Editor's note: The National Cancer Institute reports that one out of every eight women will get breast cancer in her lifetime. Women between the ages of 20 and 39 should have a clinical breast exam every three years, while women 40-years and older need to have an clinical exam every year along with a mammogram. Finding breast cancer early means more options for treatment and a greater chance of survival, which is why breast self-examinations and mammograms are so important. But many women, for various reasons, still do not have them done. What follows is staff writer Ivy Herron's observations about her personal history of having preventative mammograms as a way to deter cancer.
When I was 20 years old, my doctor ordered an immediate mammogram after finding a large mass in my left breast and several smaller ones in the right.
Never having had a mammogram before, I was not prepared for the experience. No amount of explanation could have prepared me for having my breasts flattened like pancakes between two cold glass panels for an X-ray, but I was in severe pain and did it. When it was over, all I wanted to do was get out of there.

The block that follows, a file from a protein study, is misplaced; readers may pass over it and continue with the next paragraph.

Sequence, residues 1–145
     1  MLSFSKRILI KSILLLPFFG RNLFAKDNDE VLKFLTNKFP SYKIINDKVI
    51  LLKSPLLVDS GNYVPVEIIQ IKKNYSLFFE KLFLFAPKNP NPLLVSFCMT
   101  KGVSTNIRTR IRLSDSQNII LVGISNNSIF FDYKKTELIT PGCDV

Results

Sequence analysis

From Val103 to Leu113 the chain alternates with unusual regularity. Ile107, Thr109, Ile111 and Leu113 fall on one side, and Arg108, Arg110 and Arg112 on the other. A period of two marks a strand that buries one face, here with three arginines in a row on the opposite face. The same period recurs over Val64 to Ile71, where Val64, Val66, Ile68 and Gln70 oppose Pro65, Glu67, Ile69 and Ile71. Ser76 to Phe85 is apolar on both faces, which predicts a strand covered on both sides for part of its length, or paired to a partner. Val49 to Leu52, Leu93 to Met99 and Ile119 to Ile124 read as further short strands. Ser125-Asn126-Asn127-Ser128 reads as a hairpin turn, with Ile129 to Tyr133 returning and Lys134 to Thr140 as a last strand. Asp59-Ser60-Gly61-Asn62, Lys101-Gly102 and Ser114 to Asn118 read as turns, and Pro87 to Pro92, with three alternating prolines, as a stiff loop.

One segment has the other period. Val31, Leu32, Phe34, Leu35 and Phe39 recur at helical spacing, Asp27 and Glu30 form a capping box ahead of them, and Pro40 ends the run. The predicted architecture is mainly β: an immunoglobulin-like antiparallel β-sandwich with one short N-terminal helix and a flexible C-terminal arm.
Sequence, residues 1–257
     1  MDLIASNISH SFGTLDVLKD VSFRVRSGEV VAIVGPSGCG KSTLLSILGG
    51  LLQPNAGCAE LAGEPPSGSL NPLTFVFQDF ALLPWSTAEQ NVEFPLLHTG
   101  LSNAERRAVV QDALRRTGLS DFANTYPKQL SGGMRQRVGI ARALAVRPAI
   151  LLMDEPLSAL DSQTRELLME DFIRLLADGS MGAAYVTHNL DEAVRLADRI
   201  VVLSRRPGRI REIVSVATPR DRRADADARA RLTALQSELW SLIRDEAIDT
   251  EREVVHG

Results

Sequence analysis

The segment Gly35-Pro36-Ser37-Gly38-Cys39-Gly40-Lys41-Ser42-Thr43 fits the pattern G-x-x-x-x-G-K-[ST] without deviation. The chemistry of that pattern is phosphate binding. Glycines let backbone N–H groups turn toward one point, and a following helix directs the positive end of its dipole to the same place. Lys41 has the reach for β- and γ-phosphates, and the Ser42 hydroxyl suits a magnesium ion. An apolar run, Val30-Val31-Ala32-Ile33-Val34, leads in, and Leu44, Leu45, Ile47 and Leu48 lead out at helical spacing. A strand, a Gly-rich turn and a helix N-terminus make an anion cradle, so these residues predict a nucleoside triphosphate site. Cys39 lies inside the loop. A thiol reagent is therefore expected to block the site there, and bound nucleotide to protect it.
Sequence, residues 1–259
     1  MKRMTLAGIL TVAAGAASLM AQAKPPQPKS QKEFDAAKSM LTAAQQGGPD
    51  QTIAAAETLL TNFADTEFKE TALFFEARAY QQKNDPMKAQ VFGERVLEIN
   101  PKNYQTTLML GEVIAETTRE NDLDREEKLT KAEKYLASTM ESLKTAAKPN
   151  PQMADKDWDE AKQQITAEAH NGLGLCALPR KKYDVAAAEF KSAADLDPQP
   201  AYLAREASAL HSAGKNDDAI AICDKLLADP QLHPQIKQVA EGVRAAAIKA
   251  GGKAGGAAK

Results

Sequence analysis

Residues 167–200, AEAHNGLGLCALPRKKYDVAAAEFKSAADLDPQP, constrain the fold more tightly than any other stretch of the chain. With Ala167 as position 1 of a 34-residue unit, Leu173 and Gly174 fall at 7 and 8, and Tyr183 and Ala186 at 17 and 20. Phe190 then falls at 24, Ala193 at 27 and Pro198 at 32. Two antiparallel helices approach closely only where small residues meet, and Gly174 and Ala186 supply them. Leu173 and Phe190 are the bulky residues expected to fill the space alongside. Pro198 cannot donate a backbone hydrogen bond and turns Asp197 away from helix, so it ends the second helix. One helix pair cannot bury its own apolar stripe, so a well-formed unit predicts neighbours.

I thank God technology has advanced to make the procedure more comfortable for women in the past 20 years, but back then it was something I didn't want to do again real soon, no matter how beneficial it was to my health or my future.
The diagnosis was a large mass of fibroadenoma cysts in both breasts. Because of the amount of semi-solid tissue, my doctor said surgery for removal of the cysts was not going to be a choice. It was only a matter of time before surgery of some sort was required.
All I heard was cysts were very common in young women, so I wasn't concerned. When you're young, medical awareness is not a high priority on a youthful agenda.
When urged to do monthly breast self-examinations (BSE) and have annual mammograms to check for cancer, it only took a millisecond of serious consideration before I answered, "That's OK, we'll deal with it later."
It wasn't one of my shining moments, but I was young and the possibility of cancer was an afterthought. I'm ashamed to admit it now, but I ignored my doctor's medical advice at first. I followed it when I thought about it, which was usually when pain or my husband reminded me. Then a series of life-changing events gave me pause to re-evaluate my behavior.